Studio: Warner Bros.
US Rating: R -Strong Violence, Language and Some Sexuality
Film Length: 2hr 2 minutes
Aspect Ratio: 2.4:1
Video Resolution/Codec: 1080p/VC-1
Audio: English Dolby TrueHD 5.1, English Dolby Digital Plus 5.1, French 5.1, Spanish 5.1
Subtitles: Optional English, French and Spanish
The Film - out of
A revenge picture with a soul. That pretty much sums up this surprising, flawed, but enjoyable thriller. Jodie Foster stars as Erica Bain, the host of a radio talk show who witnesses the brutal beating and death of her boyfriend, an attack in which she nearly dies herself. After recovering from the physical injuries, she returns home where unsettled emotional state becomes almost unbearable. Jittery and sheepish, she is no longer able to wander the streets of New York, ‘the safest big city in the world’, alone. Soon she decides that the only way she can regain her sanity and hold on to a sense of safety is by getting a gun, which she does illegally. One night as she shops at a convenience store, she is the sole witness to a brutal slaying, and when she is threatened by the murderer, lashes out – shooting and killing the man. Rather than rush to the police, she covers her steps and retreats to her apartment. Something has changed in her – she is no longer the same person.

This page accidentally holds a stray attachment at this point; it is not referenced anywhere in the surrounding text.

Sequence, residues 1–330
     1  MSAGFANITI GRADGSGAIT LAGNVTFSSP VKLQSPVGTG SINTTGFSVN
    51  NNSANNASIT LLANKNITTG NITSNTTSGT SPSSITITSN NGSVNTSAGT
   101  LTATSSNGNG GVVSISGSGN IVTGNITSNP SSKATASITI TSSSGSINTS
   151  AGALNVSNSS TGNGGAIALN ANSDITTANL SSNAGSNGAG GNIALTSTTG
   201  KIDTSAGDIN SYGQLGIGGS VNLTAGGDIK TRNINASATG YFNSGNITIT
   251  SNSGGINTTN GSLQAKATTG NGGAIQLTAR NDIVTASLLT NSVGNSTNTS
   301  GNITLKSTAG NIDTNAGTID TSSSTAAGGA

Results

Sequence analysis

And so begins her series of ‘vigilante’ actions, events that fall under the investigation of Detective Mercer, played by Terrence Howard. As she becomes ever more entwined with her unfamiliar and dark side, Erica forms a strange relationship and bond with Mercer. A bond that deepens as they explore their feelings on vigilantism, the moral responsibilities of abiding by the law and the human fragility in fighting, reacting and surviving.
What sets this film vastly apart from other so-called ‘revenge’ movies is the dedicated effort not to make this an action movie and not to allow the easy-to-want visceral experiences associated with bad-guys getting their comeuppance slip in. The strength of this film relies upon that distinction, carried by the hands of the talented British film director Neil Jordan (The Crying Game) and the sensitive and emotionally rich performance by Jodie Foster. There are extremely brutal moments in The Brave One, moments that are jarring and hard to watch without grimacing just a little, but they make real for us the senselessness of murder rather than allow us to feel anything that resembles satisfaction when bad people doing bad things are grimly ended.
The film ably poses the moral question of revenge – if not as a legitimate course of action, then certainly as an instinct of human nature and how, it seems, just about anyone could find themselves in a position of walking along that ethically ambiguous line. Director Neil Jordan creates an almost ethereal, out of body feel to the film, most striking when the Erica Bain character is feeling the most venerable or the most unrestricted by a ‘protective’ violent act. The camera floats in unusual ways around Jodie Foster’s character as a visual reminder of unease and her disconnect with who she thought she was.
Performances in the film are all very good. While Terrence Howard would appear to be populating a rather stock detective role, he actually brings a very human and realistic tone to his portrayal, elevating beyond the normal a character that could easily have been dismissed from his resume. The interplay between Howard and Foster also provide for some great scenes.